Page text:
Over the past few weeks, my wife and I have shown our daughter the three original Star Wars movies. She’s gotten pretty into them which is an awesome thing for me as a longtime fan of those movies. With the movies on my mind, it made sense to dive into anold school Kenner ad for this week’s TCT.
I’ve always wanted an AT-AT, though I was mostly thinking of the modern one. I have seen this original Kenner one at a few flea markets here and there, but had no idea it had that many action features. I love it! How can you not?
You might have noticed a lack of Casting Internets posts lately. That’s less because I kept forgetting to do them and more because I haven’t been going through my Pocket app for ,well, most of this year. Anyway, here’s a bunch of stories from the past few months that tickled my fancy.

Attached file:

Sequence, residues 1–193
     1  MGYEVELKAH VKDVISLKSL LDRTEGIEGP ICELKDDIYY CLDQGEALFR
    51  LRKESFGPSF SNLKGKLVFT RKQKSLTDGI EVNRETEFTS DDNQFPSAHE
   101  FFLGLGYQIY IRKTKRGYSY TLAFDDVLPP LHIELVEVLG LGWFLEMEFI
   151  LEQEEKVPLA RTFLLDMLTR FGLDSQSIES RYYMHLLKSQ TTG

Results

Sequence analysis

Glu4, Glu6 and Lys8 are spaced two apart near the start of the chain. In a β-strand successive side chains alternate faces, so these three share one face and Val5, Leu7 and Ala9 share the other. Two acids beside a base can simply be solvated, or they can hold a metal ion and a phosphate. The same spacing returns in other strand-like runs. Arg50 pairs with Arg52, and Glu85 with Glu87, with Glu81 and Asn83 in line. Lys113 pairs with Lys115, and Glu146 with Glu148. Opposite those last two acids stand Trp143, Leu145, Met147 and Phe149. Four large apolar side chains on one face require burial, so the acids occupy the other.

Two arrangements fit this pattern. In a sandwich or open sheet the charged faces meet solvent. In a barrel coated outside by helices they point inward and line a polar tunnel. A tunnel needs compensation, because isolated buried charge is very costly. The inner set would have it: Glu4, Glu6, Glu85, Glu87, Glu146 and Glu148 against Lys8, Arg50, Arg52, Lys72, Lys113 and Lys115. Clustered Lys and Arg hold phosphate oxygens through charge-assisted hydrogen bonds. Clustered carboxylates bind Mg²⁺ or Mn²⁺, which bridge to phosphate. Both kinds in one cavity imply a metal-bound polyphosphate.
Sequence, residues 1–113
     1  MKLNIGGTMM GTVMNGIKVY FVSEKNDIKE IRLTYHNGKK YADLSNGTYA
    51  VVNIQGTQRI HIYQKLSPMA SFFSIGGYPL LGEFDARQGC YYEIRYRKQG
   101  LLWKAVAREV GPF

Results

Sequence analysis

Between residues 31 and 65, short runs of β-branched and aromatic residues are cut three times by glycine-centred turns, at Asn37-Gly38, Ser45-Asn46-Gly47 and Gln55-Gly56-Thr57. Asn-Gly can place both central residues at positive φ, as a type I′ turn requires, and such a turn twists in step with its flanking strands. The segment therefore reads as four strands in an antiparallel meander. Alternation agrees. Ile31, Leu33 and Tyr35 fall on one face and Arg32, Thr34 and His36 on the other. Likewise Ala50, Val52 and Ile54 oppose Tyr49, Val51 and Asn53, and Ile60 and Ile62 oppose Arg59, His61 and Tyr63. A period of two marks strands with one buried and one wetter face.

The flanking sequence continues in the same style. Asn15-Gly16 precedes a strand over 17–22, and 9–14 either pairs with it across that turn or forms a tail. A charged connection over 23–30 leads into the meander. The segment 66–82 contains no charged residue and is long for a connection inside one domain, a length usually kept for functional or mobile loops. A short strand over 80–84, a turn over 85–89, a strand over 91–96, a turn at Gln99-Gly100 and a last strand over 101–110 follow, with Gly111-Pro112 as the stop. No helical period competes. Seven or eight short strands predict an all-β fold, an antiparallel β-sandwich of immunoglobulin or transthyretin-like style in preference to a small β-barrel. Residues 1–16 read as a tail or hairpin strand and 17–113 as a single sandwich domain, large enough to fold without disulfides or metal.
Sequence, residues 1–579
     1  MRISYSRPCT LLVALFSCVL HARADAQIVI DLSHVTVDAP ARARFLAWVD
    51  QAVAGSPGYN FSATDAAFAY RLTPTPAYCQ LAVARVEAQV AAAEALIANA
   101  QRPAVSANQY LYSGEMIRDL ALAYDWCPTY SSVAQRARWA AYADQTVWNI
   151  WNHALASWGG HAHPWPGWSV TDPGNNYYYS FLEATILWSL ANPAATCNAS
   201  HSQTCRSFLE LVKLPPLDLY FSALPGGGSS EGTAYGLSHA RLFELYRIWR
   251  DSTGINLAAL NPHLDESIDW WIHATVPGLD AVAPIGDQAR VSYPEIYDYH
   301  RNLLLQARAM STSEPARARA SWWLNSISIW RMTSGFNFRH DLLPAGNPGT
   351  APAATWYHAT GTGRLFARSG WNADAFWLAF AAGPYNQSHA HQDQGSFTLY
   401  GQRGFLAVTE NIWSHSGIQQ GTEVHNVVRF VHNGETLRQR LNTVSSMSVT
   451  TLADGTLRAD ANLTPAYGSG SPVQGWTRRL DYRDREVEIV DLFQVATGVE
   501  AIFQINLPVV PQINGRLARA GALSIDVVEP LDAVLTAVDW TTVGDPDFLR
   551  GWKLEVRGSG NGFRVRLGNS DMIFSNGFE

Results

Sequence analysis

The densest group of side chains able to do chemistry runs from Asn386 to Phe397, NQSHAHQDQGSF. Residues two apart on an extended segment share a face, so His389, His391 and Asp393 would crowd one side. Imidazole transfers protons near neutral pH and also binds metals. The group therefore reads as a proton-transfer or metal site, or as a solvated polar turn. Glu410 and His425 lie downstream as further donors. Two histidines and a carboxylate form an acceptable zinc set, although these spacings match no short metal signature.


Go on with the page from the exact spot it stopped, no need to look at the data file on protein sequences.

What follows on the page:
I’m pretty excited about Johnny Manziel heading to the Browns. They’re not my main team, but I have a special place in my heart for them because my mom’s from there and my grandma was a fan her whole life. (via ESPN)
Rivers Cuomo called Rolling Stone to talk about his love of Nirvana and how the band changed his brain. Fun read for Weezer fans, especially the ones who’ve been hearing for years that he converted Kurt Cobain’s songs into an equation and then wrote his own songs with that formula.
I’m not much of a Buzz Feed fan, but I really dug Kate Aurthur’s interview with Real World San Francisco‘s Rachel about her time on the show.
I don’t know if I’ll ever have time to go through this entire post of on StarWars.com about Ralph McQuarrie’s Star Wars art, but maybe you will!